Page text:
Photo courtesy of www.post-gazette.com
Photo courtesy of www.post-gazette.com

Compared to a number of mainstream horror films, It Follows offers a great deal of originality and is able to keep a balance between onscreen terror and suspense. Though at times it pushes boundaries with its borderline cringe-worthy visuals, the film manages to portray the disturbing in a tasteful way.
Taking horror to a new level by allowing the audience to feel as though they cannot escape “it,” It Follows allows the audience to take on a realistic perspective of Jay’s chilling experiences.  The film does not try to gain its credibility from cheap jump scares but instead evokes real fear and terror from the audience by portraying “it” as something all too familiar—and that is what is truly terrifying.
Added to all of this is the film’s unnerving score produced by Rich Vreeland, which adds to the overall dreadful tone of the film and is done with such precision that it alone can make the spine tingle. Usually, the music in stereotypical horror films is a dead giveaway as to when something is going to pop up onscreen. However, Vreeland’s use of music for It Follows often creeps in after an alarming scene to create a distinct feeling of distress in the members of the audience.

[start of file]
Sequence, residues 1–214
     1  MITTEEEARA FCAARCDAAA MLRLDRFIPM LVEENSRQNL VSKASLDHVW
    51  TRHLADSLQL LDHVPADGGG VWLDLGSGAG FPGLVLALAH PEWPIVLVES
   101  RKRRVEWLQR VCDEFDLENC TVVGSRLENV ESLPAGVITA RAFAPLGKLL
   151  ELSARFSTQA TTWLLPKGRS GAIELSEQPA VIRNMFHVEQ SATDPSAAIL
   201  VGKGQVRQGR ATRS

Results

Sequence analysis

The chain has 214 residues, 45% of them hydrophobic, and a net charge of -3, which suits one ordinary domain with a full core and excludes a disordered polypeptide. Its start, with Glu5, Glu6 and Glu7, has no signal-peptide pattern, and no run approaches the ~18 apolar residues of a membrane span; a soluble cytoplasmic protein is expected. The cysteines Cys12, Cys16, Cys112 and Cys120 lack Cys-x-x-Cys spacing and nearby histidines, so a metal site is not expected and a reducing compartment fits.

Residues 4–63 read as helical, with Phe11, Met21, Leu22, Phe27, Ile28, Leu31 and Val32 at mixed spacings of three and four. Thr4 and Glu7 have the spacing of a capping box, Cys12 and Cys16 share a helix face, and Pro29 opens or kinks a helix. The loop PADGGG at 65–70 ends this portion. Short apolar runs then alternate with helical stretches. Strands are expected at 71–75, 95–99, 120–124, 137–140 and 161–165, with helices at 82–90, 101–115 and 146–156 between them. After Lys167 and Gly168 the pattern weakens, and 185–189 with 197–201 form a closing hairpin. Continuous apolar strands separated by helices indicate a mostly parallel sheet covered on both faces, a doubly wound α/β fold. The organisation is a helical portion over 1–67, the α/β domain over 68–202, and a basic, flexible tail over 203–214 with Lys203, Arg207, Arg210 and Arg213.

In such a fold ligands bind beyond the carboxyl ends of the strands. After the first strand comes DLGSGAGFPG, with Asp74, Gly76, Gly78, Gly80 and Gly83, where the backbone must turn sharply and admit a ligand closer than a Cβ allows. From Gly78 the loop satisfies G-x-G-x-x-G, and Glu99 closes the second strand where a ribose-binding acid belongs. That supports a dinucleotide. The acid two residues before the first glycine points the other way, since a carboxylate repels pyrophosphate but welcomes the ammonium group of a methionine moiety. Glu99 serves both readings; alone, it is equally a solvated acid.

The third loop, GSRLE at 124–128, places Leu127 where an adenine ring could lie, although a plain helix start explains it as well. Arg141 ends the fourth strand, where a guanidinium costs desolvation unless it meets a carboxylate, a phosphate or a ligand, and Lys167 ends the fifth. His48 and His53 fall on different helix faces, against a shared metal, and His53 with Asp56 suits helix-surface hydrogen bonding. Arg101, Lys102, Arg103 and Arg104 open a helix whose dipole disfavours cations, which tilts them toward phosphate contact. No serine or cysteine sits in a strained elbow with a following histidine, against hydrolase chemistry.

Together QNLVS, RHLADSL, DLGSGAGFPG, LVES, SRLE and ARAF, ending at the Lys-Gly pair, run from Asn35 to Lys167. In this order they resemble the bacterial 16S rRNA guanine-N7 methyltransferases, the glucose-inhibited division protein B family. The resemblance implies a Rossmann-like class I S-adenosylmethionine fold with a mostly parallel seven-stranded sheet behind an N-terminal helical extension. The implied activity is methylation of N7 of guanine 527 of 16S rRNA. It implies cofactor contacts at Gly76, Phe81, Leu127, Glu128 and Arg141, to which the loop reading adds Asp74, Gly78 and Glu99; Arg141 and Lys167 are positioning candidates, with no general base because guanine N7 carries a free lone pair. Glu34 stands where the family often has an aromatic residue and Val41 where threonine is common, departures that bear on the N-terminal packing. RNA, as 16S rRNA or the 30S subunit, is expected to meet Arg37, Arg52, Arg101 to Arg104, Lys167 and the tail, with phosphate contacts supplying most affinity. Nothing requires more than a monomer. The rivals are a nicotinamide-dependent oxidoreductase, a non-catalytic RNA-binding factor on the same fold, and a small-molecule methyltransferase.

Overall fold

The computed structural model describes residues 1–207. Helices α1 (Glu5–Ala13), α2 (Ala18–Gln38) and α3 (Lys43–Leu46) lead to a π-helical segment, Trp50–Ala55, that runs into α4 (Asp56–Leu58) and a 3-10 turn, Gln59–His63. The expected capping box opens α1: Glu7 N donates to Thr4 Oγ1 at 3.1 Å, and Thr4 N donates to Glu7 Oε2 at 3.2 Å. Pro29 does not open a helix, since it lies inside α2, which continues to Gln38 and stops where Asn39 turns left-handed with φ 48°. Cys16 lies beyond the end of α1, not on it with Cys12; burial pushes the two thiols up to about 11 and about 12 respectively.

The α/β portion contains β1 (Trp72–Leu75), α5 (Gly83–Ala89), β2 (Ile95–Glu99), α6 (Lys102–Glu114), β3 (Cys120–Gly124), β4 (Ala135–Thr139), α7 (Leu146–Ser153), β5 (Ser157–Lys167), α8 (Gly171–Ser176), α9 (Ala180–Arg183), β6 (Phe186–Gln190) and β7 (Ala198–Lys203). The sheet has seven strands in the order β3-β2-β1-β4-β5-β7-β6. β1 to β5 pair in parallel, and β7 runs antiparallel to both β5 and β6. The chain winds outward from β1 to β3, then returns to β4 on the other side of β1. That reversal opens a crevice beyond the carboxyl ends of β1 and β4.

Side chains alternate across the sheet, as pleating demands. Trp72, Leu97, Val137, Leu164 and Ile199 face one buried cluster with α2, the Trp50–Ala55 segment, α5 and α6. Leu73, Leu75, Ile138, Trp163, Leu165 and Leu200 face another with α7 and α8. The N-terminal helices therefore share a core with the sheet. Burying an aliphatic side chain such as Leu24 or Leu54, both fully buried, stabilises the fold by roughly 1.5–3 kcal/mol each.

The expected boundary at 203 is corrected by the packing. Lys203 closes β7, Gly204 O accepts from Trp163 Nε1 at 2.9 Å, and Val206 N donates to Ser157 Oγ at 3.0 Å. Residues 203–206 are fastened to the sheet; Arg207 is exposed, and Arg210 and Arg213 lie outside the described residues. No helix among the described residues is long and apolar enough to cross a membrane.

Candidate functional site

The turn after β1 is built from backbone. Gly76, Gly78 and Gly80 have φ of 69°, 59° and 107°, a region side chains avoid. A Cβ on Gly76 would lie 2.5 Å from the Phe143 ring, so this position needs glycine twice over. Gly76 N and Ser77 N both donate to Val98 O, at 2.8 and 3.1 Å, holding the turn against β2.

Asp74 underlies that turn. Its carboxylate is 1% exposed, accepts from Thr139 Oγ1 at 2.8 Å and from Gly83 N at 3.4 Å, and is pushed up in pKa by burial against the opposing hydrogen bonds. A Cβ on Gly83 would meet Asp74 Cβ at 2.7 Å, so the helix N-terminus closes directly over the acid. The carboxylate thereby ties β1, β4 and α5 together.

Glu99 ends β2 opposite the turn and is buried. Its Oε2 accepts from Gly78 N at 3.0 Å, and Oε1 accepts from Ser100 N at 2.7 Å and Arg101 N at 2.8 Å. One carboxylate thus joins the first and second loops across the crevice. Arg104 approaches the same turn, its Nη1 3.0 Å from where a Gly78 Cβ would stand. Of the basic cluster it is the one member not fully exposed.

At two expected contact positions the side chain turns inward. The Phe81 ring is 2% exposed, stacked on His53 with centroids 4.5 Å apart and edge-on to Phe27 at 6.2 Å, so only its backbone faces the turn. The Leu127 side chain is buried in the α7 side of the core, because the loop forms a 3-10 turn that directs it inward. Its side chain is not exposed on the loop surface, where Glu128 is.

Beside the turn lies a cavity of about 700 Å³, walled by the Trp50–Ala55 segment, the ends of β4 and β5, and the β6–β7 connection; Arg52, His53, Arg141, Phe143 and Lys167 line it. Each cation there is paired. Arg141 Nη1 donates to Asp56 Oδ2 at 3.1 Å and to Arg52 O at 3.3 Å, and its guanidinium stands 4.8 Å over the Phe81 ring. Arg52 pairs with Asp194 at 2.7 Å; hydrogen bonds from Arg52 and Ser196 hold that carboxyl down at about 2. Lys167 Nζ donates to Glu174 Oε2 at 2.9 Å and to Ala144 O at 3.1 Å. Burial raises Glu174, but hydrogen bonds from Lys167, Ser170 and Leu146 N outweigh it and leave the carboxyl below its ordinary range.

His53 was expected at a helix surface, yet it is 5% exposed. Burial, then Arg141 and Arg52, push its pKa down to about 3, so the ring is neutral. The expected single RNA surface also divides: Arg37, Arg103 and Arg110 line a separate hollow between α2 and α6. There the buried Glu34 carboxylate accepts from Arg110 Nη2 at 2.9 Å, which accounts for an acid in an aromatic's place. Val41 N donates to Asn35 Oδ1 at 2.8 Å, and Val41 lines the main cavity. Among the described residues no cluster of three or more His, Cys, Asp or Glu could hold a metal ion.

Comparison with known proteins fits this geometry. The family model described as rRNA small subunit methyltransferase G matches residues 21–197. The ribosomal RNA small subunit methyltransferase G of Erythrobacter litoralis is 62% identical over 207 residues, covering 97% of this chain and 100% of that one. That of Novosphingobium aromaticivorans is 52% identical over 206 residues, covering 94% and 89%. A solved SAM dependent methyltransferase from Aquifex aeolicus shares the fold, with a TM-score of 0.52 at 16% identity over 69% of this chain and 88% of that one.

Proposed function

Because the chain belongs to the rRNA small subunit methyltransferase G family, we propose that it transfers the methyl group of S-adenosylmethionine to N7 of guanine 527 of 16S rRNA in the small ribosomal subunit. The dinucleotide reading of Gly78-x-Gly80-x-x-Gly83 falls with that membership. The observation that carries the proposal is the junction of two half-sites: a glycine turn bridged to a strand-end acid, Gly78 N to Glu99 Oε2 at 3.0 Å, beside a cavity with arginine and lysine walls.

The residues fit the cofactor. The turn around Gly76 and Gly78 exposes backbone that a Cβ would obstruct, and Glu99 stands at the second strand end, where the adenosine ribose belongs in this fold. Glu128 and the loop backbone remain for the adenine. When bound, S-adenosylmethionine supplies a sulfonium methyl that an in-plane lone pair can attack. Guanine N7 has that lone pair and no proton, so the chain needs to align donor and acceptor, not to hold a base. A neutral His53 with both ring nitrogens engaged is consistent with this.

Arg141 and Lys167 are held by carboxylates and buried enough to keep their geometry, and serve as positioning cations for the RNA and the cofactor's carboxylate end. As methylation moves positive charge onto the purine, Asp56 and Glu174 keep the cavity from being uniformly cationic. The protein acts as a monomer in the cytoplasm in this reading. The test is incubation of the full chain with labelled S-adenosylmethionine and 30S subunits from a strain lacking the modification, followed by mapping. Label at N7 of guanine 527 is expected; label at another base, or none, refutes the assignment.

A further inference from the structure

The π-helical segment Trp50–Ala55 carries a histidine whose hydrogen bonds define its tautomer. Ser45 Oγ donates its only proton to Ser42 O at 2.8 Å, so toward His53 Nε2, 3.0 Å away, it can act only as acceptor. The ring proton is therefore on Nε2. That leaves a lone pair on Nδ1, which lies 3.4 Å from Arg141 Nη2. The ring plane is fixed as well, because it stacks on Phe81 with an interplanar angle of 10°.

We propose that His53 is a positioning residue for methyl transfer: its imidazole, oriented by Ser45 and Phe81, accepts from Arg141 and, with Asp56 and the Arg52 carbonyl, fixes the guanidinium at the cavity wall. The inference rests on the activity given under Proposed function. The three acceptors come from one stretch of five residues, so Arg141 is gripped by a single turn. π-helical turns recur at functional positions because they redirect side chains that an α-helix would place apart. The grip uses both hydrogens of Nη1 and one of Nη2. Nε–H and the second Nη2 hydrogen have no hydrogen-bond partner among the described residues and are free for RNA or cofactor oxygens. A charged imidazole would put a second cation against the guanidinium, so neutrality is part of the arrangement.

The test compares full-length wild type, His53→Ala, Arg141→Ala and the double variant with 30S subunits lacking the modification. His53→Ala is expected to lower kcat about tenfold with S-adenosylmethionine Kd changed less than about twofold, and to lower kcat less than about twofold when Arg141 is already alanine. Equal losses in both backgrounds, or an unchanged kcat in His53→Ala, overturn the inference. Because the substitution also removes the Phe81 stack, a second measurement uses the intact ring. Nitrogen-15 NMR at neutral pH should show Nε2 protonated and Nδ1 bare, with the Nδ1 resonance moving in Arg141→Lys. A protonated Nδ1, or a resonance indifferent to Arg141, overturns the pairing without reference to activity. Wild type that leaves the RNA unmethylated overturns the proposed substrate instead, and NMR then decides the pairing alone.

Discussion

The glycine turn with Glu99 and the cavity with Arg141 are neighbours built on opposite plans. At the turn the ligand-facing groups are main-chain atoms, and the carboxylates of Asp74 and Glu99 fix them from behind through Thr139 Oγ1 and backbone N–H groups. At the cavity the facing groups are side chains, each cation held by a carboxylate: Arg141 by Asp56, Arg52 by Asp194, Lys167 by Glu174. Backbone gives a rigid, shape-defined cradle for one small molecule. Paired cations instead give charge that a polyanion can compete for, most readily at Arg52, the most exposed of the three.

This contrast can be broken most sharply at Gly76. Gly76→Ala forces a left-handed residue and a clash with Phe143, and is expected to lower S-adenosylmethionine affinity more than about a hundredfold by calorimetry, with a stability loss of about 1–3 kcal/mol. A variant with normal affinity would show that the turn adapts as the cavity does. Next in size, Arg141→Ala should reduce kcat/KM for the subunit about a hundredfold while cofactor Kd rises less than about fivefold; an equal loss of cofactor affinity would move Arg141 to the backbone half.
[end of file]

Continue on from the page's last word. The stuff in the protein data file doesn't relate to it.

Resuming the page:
It Follows also shows that a studio does not need an overly excessive budget to produce an effective film. Having only spent two million dollars to shoot, create, and edit the film, it still offers an effective, realistic vision of what horror would look like it if it were to happen to you at this very moment. Its cinematic quality and anxiety-filled sequences consist of virtually no special effects, which ultimately add to its aspect of realism. Any filmmaker can use paranormal entities or blood curdling graphic violence to make a statement, but It Follows provides the audience with something even more terrifying: a nightmare within reality.
Photo courtesy of www.technologytell.com
Photo courtesy of www.technologytell.com

Although not having been majorly advertised in the media, It Follows is not to be missed by horror fanatics. It can be appreciated by audiences who are looking to experience a sense of fear even after they have left the theater. For those viewers, be warned—after experiencing this film, being sucked into the life of Jay, and sitting through film shots that make it feel like you are a spectator observing her nightmarish reality, it will be difficult to shake the feeling of being constantly monitored.
On the other hand, for those viewers who do not gravitate towards gruesomely horror-filled film experiences, It Follows provides a unique perspective on the concept of horror. Through its originality and freshness, it may even transform viewers and convince them into giving this genre a second chance at redemption.